The buzzword surrounding Jurgen Klopp’s appointment as Liverpool manger in October 2015 was pressing. Gegenpress this, Gegenpress that, counter-press them here and counter-press them there. Basically, Klopp was supposed to turn up and blitz the Premier League with his high pressing, all action, heavy metal football. When it transpired that this wasn’t going to be the case many in the media felt a little cheated.
The German maverick wasn’t playing ball. To them it was like receiving a toy for Christmas but forgetting to buy batteries. It’s functional but not as effective as it could be.
Klopp didn’t have the players to implement such a press even if he had wanted to and the former Dortmund manager didn’t have the time between games to coach them the many pressing triggers so opted to use a more refined and disciplined press. It worked and Liverpool did have joy using it but, obviously, when you have Lucas Leiva in midfield it’s hard to really play a high press without exposing yourself. The Reds needed legs in midfield but they couldn’t just be runners, no, they had to have ability on the ball.
In came Gini Wijnaldum and Klopp tweaked Adam Lallana’s role. The two attacking midfielders were now playing in a slightly more withdrawn role and the Liverpool manager was making the most of their ability on the ball as well as their skill set off of it; to find, create and shutdown space, to great effect.
In the 1-0 win against Manchester City you really got to see why there aren’t many coaches who can set a team up to press just like Klopp does. It’s not all about running. It’s about positional intelligence to block areas of the pitch, take certain players out of the game and to control the ball even when it’s not in your possession. All while keeping your discipline in what could otherwise turn to chaos.
The Liverpool Press Against Manchester City
Liverpool’s intentions were clear; prevent Claudio Bravo from being able to pass the ball out from the back and force him to go long. Some teams in this instance would go man for man and commit players forward which in turn leaves them a little exposed in defence.
However, the Reds didn’t do that. Instead of pushing six men forward to block off the passes they position the attacking three – Lallana, Sadio Mane and Roberto Firmino – in areas to cut off various passes. So those three effectively cut off the initial first pass to four City players during the first phase.
The first phase being Bravo passing the ball out. If he passes to the left centre-back who then looks for Kolarov on the left that could be the second phase and would require Clyne pushing on to shut down the City left-back.
Emre Can was tasked with tracking Yaya Toure and Gini Wijnaldum kept tabs on Fernandinho to ensure Bravo had no easy pass. It left Henderson and the back four against Aguero, De Bruyne, Silva and Sterling.
Again, in the picture above you see the clever positioning of the players during the first phase of the press. Adam Lallana is in a position to cut off the pass to Zabaleta at right-back as well as being able to press John Stones if he tries to bring the ball out. Emre Can is able to get over to De Bruyne is necessary as well as being able to get across to Toure if the ball is played in his proximity. Firmino doesn’t break his neck to cut off the pass to Stones because that would lead to an easy pass to Toure.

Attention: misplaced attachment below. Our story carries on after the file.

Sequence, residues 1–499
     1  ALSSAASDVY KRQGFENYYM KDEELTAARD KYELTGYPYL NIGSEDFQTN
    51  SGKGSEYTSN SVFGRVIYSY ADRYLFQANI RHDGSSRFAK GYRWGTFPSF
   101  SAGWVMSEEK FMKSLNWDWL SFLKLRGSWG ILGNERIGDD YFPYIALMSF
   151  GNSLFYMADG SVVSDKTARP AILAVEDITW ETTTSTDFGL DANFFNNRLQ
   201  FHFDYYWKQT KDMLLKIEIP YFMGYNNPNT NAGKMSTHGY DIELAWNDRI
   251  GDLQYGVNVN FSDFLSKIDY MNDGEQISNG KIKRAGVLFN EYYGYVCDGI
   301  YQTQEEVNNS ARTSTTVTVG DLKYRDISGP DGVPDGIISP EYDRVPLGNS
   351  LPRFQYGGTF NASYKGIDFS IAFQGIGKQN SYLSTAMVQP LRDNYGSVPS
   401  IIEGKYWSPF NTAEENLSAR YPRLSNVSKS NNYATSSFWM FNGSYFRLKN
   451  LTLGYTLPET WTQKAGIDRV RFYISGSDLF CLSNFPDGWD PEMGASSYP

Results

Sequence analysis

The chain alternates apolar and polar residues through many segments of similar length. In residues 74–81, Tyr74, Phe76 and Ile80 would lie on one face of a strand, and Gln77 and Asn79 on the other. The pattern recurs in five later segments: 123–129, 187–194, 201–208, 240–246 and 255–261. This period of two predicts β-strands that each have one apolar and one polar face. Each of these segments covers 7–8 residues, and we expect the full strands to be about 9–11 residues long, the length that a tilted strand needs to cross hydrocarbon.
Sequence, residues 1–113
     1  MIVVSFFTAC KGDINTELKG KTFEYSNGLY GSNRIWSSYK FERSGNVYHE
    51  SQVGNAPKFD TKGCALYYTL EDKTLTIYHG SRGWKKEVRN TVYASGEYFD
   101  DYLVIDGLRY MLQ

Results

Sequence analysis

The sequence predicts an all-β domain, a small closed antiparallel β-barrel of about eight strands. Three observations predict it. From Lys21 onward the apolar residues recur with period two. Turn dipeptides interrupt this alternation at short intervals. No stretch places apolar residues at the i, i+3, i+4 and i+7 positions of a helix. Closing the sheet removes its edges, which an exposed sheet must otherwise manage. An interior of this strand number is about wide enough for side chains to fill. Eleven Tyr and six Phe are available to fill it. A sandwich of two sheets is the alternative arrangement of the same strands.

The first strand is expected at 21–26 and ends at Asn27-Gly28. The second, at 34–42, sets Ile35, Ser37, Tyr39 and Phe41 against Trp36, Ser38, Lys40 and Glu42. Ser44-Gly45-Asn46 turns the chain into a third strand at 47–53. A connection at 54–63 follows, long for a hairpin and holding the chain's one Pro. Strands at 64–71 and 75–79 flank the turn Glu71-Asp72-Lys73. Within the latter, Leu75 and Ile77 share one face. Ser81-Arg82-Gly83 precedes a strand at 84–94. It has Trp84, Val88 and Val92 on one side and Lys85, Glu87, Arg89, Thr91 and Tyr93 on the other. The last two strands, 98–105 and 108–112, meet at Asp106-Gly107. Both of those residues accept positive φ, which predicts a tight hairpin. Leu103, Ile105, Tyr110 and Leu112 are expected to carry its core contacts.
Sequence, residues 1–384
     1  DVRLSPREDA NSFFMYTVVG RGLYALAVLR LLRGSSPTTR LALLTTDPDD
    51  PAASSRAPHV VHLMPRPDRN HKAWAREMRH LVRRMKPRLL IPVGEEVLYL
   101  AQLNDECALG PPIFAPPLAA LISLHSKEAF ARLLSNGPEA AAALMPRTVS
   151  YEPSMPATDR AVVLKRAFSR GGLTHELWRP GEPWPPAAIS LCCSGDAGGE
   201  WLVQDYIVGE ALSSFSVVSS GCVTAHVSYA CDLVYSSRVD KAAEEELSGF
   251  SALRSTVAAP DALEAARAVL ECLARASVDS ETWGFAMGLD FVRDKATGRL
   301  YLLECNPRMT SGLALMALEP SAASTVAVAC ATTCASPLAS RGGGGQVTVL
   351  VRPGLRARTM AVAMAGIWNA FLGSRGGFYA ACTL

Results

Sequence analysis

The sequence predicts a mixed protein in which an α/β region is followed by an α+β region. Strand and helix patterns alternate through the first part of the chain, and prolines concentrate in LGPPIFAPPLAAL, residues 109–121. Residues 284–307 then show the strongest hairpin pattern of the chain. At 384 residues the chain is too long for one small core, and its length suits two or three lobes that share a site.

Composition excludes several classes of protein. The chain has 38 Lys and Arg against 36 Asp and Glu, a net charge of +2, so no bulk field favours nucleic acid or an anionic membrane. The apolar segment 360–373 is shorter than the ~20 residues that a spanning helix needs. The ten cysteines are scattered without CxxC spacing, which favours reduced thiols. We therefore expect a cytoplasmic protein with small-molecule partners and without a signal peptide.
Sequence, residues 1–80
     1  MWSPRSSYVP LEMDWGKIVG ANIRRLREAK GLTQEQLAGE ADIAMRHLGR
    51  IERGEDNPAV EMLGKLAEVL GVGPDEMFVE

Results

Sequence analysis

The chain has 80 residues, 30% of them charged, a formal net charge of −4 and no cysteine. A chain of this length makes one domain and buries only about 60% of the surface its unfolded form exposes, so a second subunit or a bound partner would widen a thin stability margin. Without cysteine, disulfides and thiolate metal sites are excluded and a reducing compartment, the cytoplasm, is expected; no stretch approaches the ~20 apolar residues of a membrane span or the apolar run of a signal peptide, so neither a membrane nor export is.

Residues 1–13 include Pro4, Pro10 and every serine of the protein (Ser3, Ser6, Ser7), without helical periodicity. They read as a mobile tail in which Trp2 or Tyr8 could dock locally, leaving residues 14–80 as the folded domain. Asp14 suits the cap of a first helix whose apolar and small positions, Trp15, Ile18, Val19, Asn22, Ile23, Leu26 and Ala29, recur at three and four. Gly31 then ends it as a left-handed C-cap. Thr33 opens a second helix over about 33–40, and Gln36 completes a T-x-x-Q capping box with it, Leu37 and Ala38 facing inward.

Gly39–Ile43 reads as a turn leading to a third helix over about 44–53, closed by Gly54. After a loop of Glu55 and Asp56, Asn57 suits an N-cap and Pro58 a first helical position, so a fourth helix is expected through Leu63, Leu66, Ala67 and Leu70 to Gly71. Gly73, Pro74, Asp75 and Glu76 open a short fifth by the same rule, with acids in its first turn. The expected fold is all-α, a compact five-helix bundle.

It’s all rehearsed.
The Second Phase of Pressing
The second phase is even more important than the first phase. If the likes of Henderson and Can miss their tackle or aren’t in the correct position then the press is nullified and the defence is exposed. The pair brilliantly did their job against City.
Bravo has the ball at his feet and Liverpool have committed men to their initial press. Wijnaldum, in the role usual associated with Lallana, is pressing Toure in what is the number 10 position. Mane is pressing Otamendi with Lallana sprinting to get into his position.
Now we see the second phase in action. The retreating Fernandinho gets into a position to receive the ball facing his own goal and Bravo plays a pass through the Liverpool press and into his feet. But you see both Emre Can and Jordan Henderson pressing the City midfielder. In this picture it looks as though City can play their way out of this with three players on their left hand side and not a red shirt in that area. If Fernandinho players that pass first time then they’ve bypassed the press.
However, the City midfielder isn’t able to do it. Jordan Henderson snaps into the tackle and wins the ball back. One tackle and the balance shifts. Liverpool now have their three centre-midfielders in a triangle well inside the City half with both Mane and Clyne supporting. Compare that to City whose midfield pair is stretched and Otamendi is isolated due to Kolarov pushing on to offer width during the attack.
Liverpool now have the extra man on that outside of the pitch.
In the two pictures above you see the second phase of pressing again. Firmino, Mane and Lallana have pressed the backline and Bravo kicks it long. As the camera pans out to follow the ball you see the City midfielders had dropped back but both Wijnaldum and Can had tracked them. Again it’s 6 v 5 in City’s favour but because of the positioning and the discipline of the five Liverpool players, the away side are forced to go long to an area where it’s 5 vs 4 in Liverpool’s favour.
It was perfect from Klopp and the players.